Have you met anyone recently named Nathan or Tamara? Perhaps not, because they're all so busy now being born. But you will.
Nathan, Tamara, Stacy, Alexander, Emily, Daniel and Hayley are rapidly rising to the top of the charts of the most popular given names in the English-speaking world, according to Leslie Alan Dunkling, who compiles such charts.
Dunkling, a radio producer at the British Broadcasting Corporation who has been studying names on the side for 10 years, is the author of "First Names First," It is an analysis of fashions in first names, by nationality, race, social class and year.
He will tell you that "Alice is either 75 years old or a baby," Darren, Sharon and Karen probably all had parents who watched "Bewitched" on British television, Shelley and Murray are Canadian, Willie and Willie Mae are black, Gloria is Jewish but Rachel, Leah and Naomi may not be and Johnathan's parents had limited education.
He can tell you what the most popular names have been from the Middle Ages, when Goldburga, Swetman, Godiva and Pancras were among them, to the present era of Jennifer, Michael, Amy and Jason.
But what he cannot tell you is why all you child's classmates have the same name you gave him, after so much effort to come up with something slightly distinctive.
"It's amazingly mysterious how these suggestions must be subtly implanted in the mind," he said. "You can ask 50 parents why they named their daughters Jennifer last year, and they will give you 35 different reasons - and I would be suspicious of all of them."
They might speak of its sound, the way it matches a particular last name remains that the name didn't even ap-of some old association - but the fact remains that the name didn't even appear, 25 years ago, on the popularity lists it heads now.
The strangest thing, he said, is that choosing a name is more "isolated" than other conscious acts of social behavior. "It's usually done by young parents in their 20s, who are familiar with the names in their own peer group but don't want to use them. They want to establish that this is a new generation. They have no experience of names in their child's generation - they don't know that until later, when their child gets to school."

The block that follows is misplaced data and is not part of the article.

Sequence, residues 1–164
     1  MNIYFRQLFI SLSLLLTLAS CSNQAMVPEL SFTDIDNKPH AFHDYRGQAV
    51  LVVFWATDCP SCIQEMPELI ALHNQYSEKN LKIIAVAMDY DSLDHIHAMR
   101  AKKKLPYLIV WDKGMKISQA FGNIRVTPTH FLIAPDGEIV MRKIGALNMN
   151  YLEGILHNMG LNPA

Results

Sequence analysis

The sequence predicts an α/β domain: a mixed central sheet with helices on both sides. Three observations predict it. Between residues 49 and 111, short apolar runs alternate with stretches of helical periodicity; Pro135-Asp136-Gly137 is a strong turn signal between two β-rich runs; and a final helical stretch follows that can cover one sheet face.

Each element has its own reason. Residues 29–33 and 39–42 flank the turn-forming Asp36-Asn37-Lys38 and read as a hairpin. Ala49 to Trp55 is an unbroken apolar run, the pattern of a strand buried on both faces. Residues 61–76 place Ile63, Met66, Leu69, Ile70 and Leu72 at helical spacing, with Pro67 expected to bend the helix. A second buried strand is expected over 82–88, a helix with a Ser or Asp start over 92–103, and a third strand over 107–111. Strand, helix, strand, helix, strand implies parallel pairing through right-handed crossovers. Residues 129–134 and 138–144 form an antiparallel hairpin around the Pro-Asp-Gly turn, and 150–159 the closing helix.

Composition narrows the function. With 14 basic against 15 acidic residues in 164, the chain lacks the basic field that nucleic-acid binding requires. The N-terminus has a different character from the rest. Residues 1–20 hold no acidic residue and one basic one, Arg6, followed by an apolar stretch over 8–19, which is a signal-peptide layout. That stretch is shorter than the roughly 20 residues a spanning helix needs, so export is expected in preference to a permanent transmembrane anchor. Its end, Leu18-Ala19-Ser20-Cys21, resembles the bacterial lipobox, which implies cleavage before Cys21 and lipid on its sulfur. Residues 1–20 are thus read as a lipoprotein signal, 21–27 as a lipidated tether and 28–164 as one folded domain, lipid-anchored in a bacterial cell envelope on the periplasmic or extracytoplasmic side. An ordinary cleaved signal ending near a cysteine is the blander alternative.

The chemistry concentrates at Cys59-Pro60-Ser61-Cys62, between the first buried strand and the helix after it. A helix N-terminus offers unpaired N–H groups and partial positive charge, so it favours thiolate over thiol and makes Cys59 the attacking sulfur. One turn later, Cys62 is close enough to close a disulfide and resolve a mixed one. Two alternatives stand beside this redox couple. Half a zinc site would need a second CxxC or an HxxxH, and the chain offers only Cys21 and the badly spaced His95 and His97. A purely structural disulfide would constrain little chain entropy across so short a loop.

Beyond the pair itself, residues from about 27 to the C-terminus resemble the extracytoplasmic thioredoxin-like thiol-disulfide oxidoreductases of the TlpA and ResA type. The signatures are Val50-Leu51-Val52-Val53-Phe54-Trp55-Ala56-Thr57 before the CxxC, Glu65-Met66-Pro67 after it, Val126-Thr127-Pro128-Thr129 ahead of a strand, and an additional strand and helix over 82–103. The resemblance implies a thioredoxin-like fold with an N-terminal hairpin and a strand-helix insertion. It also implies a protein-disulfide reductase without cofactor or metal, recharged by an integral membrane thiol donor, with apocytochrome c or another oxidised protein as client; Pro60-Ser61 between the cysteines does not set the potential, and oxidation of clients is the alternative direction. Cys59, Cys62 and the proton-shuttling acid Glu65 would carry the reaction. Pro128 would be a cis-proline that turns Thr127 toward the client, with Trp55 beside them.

In general, he said, whites prefer "safe" names while blacks value originality, "the upper classes have a horror of modern names," and if men's names are used for girls (Shirley, Beverly, Tracy), they cease to be given to boys.
There is a feminist influence against "Adam's rib" names (Roberta, Philippa, Davida) now, and a revival of selected Victorian names (but not including such Victorian favorites as Minnie, Agnes, Walter and Wilbur).
A popular person used to inspire the use of a name, he said, provided that name was not regarded as the exclusive property of one individual such as (Queen) Victoria or Winston (Churchill).
Now such inspirations are more likely to come from fictional characters - a television role, for instance, rather than the actor who performs it. But the exclusive property rule still operates - you don't hear of other Elivises or Farrahs, he said.
For those who still want to know what to name the baby, Dunkling has some suggestions.
The first is to give three names. "We've made it an unwritten law that each person gets a first name and a middle name, but there's no reason for that. A third doesn't cost extra, and will give the child more choice later."
Begin, he says, with something common, allowing the child to get through a period he will spend "with the crulest people there are - children. They think if a name is abnormal, the bearer of it must be, and pretty soon they convince the bearer himself of it," he said.
The second name could be something more unusual, perhaps an odd name from one's own family; and the third more fanciful still. Then if the child is going to be in some field "where he needs a trade name - say if he becomes a politician or an actor," he can adopt one of these.
Then the only danger is that you will have chosen a name which someone will kill instantly by associating it with undesirable conduct (Dunkling says Oscar Wilde and Adolf Hitler killed their respective names, and he's waiting to see if former President Nixon will yet do in Richard) or which is so popular that it will soon become dated.
Or that the neighbors will think of it, too.